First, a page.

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The chronostratigraphy of Late Pleistocene glacial and periglacial aeolian\ud activity in the Tuktoyaktuk Coastlands, NWT, Canada

By M.D. Bateman and J.B. Murton


Aeolian periglacial sand deposits are common in the Tuktoyaktuk Coastlands of Western Arctic Canada. Regionally extensive and thick aeolian sand-sheet deposits have been observed in two major stratigraphic settings: within a sand unit characterized by large aeolian dune deposits; and interbedded with glaciofluvial outwash from the Laurentide Ice Sheet (LIS). Small, localized sand sheets have also been observed along the tops of sandy bluffs, within sequences of drained thermokarst lakes deposits and as an involuted veneer above buried basal ice of the LIS.\ud \ud On the basis of radiocarbon and optically stimulated luminescence (OSL) dates from preserved periglacial aeolian sand sheets and dunes a regional chronostratigraphy is presented which indicates that both extensive dunes and sand sheets accumulated mainly between ca 30 and 13 ka. A switch to dominantly sand-sheet aggradation at ca 14–13 ka, with sand sheets forming widely until ca 8 ka, is attributed to (a) surface armouring by glacial deposits associated with the advance of the LIS; and (b) amelioration of the climate from cold aridity. An absence of OSL dates between ca 8 and 1 ka suggests that sand sheets stabilized during much of the Holocene. Local sand-sheet aggradation during recent centuries has occurred near sandy bluffs and on the floors of drained thermokarst lakes. The OSL dates constrain the maximum extent of the LIS in the Tuktoyaktuk Coastlands to Marine Isotope Stage 2. \ud \u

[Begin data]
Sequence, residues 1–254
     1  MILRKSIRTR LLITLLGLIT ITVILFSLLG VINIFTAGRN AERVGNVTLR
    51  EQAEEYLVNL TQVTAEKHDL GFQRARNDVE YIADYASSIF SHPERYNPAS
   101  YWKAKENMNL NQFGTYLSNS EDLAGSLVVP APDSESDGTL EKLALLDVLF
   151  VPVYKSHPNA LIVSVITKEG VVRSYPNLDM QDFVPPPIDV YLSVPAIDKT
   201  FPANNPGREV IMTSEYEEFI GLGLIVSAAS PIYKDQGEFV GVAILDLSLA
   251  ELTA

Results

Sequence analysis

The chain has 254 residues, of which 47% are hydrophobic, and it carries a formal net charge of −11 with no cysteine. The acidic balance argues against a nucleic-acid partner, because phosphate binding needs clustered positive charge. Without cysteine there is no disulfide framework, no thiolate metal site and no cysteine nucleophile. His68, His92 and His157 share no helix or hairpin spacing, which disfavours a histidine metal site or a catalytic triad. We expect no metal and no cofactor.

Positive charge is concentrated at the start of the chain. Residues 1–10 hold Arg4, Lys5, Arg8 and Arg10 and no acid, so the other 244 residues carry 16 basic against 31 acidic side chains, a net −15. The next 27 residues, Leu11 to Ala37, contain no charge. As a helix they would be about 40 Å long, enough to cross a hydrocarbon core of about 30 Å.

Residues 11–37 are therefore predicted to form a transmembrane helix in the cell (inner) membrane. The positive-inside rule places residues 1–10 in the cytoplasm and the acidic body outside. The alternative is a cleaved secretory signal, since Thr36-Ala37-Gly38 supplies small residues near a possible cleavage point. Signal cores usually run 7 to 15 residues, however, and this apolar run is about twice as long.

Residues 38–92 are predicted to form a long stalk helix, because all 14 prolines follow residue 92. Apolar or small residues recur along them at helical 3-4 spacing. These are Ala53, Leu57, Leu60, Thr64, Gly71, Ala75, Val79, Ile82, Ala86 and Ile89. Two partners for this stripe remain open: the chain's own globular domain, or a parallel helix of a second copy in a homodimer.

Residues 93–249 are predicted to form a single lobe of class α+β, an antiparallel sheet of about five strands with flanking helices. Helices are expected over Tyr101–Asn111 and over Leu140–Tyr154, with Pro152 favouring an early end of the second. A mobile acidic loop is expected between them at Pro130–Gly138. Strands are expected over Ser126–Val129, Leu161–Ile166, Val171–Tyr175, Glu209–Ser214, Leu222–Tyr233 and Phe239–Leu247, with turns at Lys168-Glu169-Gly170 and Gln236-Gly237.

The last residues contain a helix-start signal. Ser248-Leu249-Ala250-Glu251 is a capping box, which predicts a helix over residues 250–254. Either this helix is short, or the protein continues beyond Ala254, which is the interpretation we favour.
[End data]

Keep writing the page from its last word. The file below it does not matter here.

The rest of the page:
Publisher: Elsevier
Year: 2006
OAI identifier: oai:eprints.whiterose.ac.uk:2258

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